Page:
It was delightful seeing the early photos of Frank, hear the story of how he built his career. Realize that even the greats can be amazing procrastinators (putting off work for a whole month, only to burn in a creative frenzy for 8-15 hours to get a piece done for deadline!) It was cool seeing his closet chock full of cameras (I piped up: "Now I don't feel so bad!" --I too have a camera fetish.) It was inspiring, and made me want to draw like crazy (which of course was the effect that Keith had anticipated.) We sat around and drew for a few hours and I was happy as a clam.

Anyway, back to The Drawing Board, poking around in Forums and realizing stuff is happening. Now, you know where I stand on the matter of Frank Frazetta. He isn't God, but he is a hell of a talented painter. Apparently there is a real fooferah between him and another artist, called Mike Hoffman. Up 'til now, I think I'd only seen his work around --maybe in Heavy Metal? Maybe in PinUps? Or magazines? I was unaware of the intense animosity happening between Frazetta & Hoffman.

I was browsing and saw a Forum topic called "Thirteen Reasons Why I'm Better Than Frazetta". Of course I had to look. I mean; c'mon! A link within the Forum lead to Hoffman's website (which I'll post here.) The vitriol and anti-Frazetta garbage that was fountaining out was astonishing. Hoffman's ANTI-FRAZETTA-FAN rage was also surprising (well, I suppose it shouldn't be that surprising really.) But, accusations aside, aren't these two professional painters in the same genre? Where does this rage, petty in-fighting, obvious jealousy sprout from?

One of the fellows (Sirspamdalot) on the Forum at The Drawing Board said: "...I can't help but think of Ash being attacked by his own hand in Evil Dead 2..."
A Hoffman alongside a Frazetta.

One of the Forum posters (visual myriad) puts it perfectly: "...on the artistic side, i think his artwork is a very pale imitation of Frazetta's work. Hoffman rips so many of Frank's artistic touches, but isn't able to use them intuitively, so his work lacks the life and energy that makes Frank Frazetta's work so timeless." - Daniel

I'm not going to waste a huge amount of time belabouring it, but after scanning through Hoffman's page, I had to write something. He's throwing accusations around like smoke bombs at a ninja convention... Yeah, some of them are true, I'm not Frazetta's publicist, so I can't put out a press release or whatever regarding the "Swipes" Hoffman accuses him of. I've watched "Painting with Fire" and yes, Frank says quite a bit of high handed things. But, my G*d man, he's 79; give him a break! If you get to 79 and every artist with two thumbs and a can of paint is killing themselves to paint like you, yes, you're allowed to refer to yourself as a "Legend".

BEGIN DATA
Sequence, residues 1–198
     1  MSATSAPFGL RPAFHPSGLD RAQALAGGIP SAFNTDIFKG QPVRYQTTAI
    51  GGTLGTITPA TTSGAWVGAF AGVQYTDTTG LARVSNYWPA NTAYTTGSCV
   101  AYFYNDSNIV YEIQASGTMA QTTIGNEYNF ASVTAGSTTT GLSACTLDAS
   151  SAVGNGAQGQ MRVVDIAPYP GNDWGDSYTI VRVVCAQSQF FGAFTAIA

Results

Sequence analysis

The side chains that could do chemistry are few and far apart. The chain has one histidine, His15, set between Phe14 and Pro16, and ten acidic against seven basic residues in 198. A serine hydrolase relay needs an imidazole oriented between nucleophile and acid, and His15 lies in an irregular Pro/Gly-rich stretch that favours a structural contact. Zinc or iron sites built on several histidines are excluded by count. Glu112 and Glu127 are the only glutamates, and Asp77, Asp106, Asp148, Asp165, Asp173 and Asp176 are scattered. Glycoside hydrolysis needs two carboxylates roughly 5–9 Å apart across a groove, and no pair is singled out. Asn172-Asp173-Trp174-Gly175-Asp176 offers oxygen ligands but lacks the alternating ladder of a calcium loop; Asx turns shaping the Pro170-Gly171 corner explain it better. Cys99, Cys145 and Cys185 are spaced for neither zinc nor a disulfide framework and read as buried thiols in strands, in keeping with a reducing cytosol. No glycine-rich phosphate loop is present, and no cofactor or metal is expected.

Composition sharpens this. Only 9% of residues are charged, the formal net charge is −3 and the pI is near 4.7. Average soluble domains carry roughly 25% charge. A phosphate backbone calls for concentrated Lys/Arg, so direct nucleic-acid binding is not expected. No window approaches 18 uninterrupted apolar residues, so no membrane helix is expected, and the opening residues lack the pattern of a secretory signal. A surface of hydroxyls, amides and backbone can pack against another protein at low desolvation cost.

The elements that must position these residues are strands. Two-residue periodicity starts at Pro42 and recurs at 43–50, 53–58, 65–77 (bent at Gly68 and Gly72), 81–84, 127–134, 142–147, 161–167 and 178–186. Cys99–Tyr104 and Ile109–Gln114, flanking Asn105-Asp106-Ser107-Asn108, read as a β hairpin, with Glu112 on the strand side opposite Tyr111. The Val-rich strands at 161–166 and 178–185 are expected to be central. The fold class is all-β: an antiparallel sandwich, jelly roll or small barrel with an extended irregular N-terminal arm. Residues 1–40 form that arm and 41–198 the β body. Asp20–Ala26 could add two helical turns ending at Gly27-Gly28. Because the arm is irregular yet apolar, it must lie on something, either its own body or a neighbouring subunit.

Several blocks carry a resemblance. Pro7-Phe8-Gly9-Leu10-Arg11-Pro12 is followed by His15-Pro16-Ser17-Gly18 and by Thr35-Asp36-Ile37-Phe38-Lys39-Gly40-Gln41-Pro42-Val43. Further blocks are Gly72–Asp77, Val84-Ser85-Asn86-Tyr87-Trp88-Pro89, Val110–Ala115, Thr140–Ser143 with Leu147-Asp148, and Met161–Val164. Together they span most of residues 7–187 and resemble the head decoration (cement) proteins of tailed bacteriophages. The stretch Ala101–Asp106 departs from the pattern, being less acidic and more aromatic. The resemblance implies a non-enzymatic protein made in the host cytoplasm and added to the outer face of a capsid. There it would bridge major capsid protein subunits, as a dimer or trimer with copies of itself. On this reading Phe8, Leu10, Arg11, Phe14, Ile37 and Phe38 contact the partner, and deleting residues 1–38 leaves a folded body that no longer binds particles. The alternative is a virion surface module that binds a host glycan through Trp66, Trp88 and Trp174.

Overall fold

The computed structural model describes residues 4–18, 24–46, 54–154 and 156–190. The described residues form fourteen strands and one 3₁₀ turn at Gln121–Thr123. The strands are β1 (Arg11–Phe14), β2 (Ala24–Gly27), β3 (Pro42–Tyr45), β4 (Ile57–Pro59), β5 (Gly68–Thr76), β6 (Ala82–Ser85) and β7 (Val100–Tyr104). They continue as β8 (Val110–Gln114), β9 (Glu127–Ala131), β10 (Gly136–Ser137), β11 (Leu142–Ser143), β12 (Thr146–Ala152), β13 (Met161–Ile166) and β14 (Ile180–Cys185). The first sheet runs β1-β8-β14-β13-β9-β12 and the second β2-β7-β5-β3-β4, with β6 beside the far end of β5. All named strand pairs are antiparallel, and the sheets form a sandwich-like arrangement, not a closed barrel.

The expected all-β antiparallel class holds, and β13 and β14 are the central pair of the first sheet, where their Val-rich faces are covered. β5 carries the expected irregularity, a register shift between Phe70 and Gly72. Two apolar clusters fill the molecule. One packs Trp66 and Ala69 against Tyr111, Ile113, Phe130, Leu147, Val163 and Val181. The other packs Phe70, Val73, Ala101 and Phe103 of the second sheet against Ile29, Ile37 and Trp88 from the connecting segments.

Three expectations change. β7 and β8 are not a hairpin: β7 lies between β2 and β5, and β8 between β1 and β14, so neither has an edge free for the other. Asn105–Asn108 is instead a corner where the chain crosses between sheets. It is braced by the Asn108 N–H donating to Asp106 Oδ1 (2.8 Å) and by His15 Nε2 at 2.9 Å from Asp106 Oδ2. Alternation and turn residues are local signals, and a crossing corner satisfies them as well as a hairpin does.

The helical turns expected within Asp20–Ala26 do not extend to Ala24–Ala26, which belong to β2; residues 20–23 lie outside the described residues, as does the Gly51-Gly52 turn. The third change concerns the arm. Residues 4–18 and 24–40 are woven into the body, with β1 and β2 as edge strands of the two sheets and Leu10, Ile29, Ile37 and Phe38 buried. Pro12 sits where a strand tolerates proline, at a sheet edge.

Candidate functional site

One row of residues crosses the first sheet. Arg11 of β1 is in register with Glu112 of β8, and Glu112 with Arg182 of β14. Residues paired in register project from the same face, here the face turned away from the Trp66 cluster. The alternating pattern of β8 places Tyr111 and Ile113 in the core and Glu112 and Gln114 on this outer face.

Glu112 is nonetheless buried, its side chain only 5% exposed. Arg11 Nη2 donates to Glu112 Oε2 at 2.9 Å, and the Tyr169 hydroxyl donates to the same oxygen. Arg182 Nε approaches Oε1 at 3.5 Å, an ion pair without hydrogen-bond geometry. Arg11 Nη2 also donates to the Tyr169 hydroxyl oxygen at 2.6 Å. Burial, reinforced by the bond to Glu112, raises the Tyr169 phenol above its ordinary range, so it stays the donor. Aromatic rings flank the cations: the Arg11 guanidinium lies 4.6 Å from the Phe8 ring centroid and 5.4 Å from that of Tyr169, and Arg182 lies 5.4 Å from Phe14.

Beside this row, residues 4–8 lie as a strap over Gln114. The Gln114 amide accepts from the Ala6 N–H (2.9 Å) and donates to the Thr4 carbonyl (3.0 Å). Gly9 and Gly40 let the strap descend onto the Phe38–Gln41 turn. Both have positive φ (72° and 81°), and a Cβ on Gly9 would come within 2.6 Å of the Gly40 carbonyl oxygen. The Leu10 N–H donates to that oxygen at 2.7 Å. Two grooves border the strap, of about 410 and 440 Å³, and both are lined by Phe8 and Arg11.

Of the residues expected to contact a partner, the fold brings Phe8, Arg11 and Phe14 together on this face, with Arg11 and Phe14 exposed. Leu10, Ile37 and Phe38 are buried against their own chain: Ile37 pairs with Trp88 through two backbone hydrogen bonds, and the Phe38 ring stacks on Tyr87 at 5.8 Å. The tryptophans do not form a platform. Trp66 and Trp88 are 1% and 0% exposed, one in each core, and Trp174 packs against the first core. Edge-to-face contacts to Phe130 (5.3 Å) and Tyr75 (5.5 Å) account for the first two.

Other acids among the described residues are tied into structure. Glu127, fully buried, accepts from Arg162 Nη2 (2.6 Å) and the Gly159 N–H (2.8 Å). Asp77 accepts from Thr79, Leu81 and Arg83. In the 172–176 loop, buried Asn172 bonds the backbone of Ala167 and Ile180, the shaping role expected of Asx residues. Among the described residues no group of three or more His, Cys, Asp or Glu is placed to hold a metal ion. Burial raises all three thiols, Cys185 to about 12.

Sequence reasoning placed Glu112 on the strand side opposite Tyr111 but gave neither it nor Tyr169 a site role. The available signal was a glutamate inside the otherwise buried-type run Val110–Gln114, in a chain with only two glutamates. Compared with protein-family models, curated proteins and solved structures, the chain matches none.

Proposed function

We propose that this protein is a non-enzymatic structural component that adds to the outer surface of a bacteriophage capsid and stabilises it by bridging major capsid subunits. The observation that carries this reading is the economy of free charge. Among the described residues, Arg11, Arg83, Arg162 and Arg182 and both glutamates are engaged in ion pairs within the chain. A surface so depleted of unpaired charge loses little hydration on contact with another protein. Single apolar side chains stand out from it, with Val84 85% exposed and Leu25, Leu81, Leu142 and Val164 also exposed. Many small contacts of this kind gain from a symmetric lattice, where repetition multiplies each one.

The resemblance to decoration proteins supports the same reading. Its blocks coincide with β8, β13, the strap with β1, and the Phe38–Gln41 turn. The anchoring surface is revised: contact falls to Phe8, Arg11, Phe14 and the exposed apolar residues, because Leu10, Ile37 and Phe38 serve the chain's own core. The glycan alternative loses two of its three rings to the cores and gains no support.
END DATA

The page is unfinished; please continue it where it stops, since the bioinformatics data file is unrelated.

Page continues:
Anyway, I'll hook up all the links, and folks can sort out for themselves what they think. All I know is that I would give a lot to have an original Frazetta hanging in the old pink house, and wouldn't give anything for a Hoffman. There, now I can be counted amongst the "intellectual dust mouse" Frazetta fans as well. Just an aside--I hopped on over to eBay following a Hoffman link and he's selling original "Death Dealer Sketches". Who's swiping what? ;-)

Cheers,
Suzanne.

2 comments:

Patti said...

I've long been a fan of Frazetta's also, and have been in your exact position of standing at the cash in a convenience store, trying to hide the precious copy of Heavy Metal that you managed to get to before anyone else. If you think it's odd that a 16 year old girl would be buying it, how much odder is it that a gray-haired, middle-aged "auntie" type is buying it!

It's one of the very few magazines I'd pay to subscribe to, if only that it would mean I wouldn't miss a copy.

And I am not too proud to admit that look at it for the pictures. Never been very taken with the storylines, but the drawings and paintings are phenomenal. I was probably prepubescent when I first became interested in such art...in the form of Vampirella magazines. (Frazetta painted the cover of the very first Vampirella mag.) Also a big fan of artists like Serpieri (of Druuna fame). Artists like him and Frazetta have an understanding of the human form that allows them to create works of art that, while stylized, sometimes in the extreme, but are still wholly convincing to the eye. I love that.

I also completely agree with your position of not giving away your art for free. I used to write erotic short stories and could have been widely published had I been willing to give my stuff away "for the sake of building my reputation." It riles me that so many publishers, both electronic and conventional, take advantage of writers who just want to get their name out there and will give their stuff away to do it.

I am, and always will be, more content with my small resume of published and paid-for stories than I could ever be with a long list of articles that would end up being tossed around online and winding up stolen by trashy XXX sites that pay the publishers but not the artists.

Michael said...

Geeze, what an excellent post! I feel like you stepped in and tore out a good chunk of my life and put it in your own words, well done.
I initialy wanted to say that I loved the picture of you and the cut out Frank and how jealous I was that you were at the museum, but the post overshadowed that.
Thanks for the read!